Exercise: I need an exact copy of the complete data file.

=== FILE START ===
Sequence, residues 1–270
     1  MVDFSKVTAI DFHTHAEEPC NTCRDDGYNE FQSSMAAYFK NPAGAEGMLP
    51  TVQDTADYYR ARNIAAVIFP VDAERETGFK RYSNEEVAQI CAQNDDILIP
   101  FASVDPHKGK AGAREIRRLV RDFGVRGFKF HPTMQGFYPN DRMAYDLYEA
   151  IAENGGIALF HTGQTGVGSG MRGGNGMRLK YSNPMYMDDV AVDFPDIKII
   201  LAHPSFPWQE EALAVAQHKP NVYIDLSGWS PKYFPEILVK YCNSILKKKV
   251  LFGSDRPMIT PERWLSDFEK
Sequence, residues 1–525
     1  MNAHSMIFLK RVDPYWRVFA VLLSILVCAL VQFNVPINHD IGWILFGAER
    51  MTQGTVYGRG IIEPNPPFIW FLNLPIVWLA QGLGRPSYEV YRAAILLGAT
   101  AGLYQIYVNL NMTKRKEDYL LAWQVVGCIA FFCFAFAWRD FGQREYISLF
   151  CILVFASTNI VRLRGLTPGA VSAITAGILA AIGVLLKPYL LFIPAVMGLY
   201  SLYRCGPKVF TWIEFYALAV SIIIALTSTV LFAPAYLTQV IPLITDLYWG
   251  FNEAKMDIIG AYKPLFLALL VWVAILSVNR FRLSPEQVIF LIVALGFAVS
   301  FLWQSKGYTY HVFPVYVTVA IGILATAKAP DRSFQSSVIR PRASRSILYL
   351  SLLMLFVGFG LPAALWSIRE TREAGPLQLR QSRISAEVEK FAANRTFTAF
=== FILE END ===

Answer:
Sequence, residues 1–270
     1  MVDFSKVTAI DFHTHAEEPC NTCRDDGYNE FQSSMAAYFK NPAGAEGMLP
    51  TVQDTADYYR ARNIAAVIFP VDAERETGFK RYSNEEVAQI CAQNDDILIP
   101  FASVDPHKGK AGAREIRRLV RDFGVRGFKF HPTMQGFYPN DRMAYDLYEA
   151  IAENGGIALF HTGQTGVGSG MRGGNGMRLK YSNPMYMDDV AVDFPDIKII
   201  LAHPSFPWQE EALAVAQHKP NVYIDLSGWS PKYFPEILVK YCNSILKKKV
   251  LFGSDRPMIT PERWLSDFEK
Sequence, residues 1–525
     1  MNAHSMIFLK RVDPYWRVFA VLLSILVCAL VQFNVPINHD IGWILFGAER
    51  MTQGTVYGRG IIEPNPPFIW FLNLPIVWLA QGLGRPSYEV YRAAILLGAT
   101  AGLYQIYVNL NMTKRKEDYL LAWQVVGCIA FFCFAFAWRD FGQREYISLF
   151  CILVFASTNI VRLRGLTPGA VSAITAGILA AIGVLLKPYL LFIPAVMGLY
   201  SLYRCGPKVF TWIEFYALAV SIIIALTSTV LFAPAYLTQV IPLITDLYWG
   251  FNEAKMDIIG AYKPLFLALL VWVAILSVNR FRLSPEQVIF LIVALGFAVS
   301  FLWQSKGYTY HVFPVYVTVA IGILATAKAP DRSFQSSVIR PRASRSILYL
   351  SLLMLFVGFG LPAALWSIRE TREAGPLQLR QSRISAEVEK FAANRTFTAF